Residents fear 500 new homes in Mount Helen will destroy character

HOME: Mount Helen residents Linda Zibell and Robert Elshaug are concerned for their neighbourhood’s semi-rural character.
HOME: Mount Helen residents Linda Zibell and Robert Elshaug are concerned for their neighbourhood’s semi-rural character. PICTURE: JUSTIN WHITELOCK

BALLARAT residents fear a contentious plan that has earmarked 500 dwellings for Mount Helen will irreparably change the face of the leafy region.

Mount Helen resident Linda Zibell said residents had been left in the dark about the City of Ballarat's Draft Greenhill Road Development Feasibility Study.

The purpose the study was to outline a vision for the future of land between Mount Helen and Mount Clear, east of Geelong Road.

At the moment the land is zoned "farming" but the report deemed the area fragmented and no longer considered viable for agricultural use.

Instead it proposed to rezone the land for an urbanised residential development.

Ms Zibell said the plan also proposed to extended the southern urban boundary from Mount Clear to Mount Helen’s Federation University campus, destroying the green break of land which has long distinguished the two suburbs. 

She said she believed it was the council’s intention   to approve the plan, which would result in an “irreversible and drastic alteration” of Mount Helen’s semi-rural neighbourhood character. 

“More than two-thirds of Mount Helen will be impacted, this is not a small conceptual change, it has the ability to fundamentally change the whole character of the area,” Ms Zibell said.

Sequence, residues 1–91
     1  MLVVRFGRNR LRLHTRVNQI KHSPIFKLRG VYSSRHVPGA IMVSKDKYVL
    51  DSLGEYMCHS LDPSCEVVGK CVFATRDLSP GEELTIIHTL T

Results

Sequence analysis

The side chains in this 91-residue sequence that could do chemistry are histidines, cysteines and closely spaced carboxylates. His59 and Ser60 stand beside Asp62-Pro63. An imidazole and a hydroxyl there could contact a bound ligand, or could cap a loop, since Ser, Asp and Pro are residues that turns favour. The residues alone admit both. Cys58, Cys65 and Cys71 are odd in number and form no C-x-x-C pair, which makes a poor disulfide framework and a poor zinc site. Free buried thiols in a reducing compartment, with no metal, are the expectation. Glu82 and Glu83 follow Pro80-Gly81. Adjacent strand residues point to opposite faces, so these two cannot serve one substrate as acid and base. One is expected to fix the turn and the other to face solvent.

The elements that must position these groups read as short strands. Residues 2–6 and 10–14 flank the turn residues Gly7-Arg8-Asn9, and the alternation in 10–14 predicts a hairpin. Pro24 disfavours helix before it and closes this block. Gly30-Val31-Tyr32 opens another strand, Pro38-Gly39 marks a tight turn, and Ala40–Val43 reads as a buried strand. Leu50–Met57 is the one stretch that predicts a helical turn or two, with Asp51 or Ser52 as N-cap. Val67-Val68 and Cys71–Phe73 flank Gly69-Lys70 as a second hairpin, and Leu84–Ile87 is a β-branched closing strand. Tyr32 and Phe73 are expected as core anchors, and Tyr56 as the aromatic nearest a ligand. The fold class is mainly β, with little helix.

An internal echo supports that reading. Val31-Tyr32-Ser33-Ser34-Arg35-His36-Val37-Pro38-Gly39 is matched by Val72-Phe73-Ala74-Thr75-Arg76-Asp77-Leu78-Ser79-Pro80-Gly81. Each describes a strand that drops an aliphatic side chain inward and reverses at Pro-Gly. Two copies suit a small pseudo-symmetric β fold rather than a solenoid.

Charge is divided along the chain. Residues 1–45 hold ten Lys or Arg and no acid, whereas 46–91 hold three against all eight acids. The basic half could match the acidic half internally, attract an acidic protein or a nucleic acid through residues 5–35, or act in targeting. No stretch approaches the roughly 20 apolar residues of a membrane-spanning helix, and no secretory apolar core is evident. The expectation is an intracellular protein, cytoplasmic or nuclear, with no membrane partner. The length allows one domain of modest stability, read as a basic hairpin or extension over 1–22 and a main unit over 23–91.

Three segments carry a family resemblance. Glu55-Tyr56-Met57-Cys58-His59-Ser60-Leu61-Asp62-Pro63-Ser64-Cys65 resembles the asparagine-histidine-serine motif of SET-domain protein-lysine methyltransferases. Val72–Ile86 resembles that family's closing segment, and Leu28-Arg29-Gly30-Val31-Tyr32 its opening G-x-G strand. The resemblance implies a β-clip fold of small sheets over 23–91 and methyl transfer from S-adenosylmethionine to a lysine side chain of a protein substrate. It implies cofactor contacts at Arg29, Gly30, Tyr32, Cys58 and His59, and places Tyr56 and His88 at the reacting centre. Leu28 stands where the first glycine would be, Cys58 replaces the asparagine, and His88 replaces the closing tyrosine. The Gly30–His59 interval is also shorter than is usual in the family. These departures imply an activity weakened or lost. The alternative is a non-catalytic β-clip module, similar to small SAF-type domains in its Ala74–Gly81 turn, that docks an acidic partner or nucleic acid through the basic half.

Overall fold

In 2000, Ms Zibell spearheaded a campaign to protect the area.

After five years of fighting to protect the land, residents developed the Canadian Valley Outline Development Plan with the council in 2005.

The plan outlined environmental, wildlife and landscape protection of the 1000 acres of land between east Ballarat and Buninyong. 

Ms Zibell feared if the recommendations of the study were implemented, it would make the principles of the Canadian Valley report redundant. 

Large parcels of land are earmarked for housing and a third of the dwellings are proposed to be 600-metres-square and below 450-metres-square.

It is expected the dwellings would bring an additional 1000 residents to the area. 

“If this is the only beginning of development for this region, where can we go to from here?” Ms Zibell said. 

Her concerns were echoed by Mount Helen resident Robert Elshaug, who has lived in the area for 37 years.

Mr Elshaug said if the hundreds of dwellings were built in the region, pressure would increased on an already heavily congested Geelong Road.

He said residents understood growth was inevitable, but he added sections of the housing proposed would be clearly visible along Geelong Road and destroy the longstanding “rural vista”.

The council’s manager of planning strategy and design, Deon Van Baalen, said public comments and submissions would be taken into account when preparing a final the plan for council’s consideration. 

It is expected the report will be considered by the council later this year.


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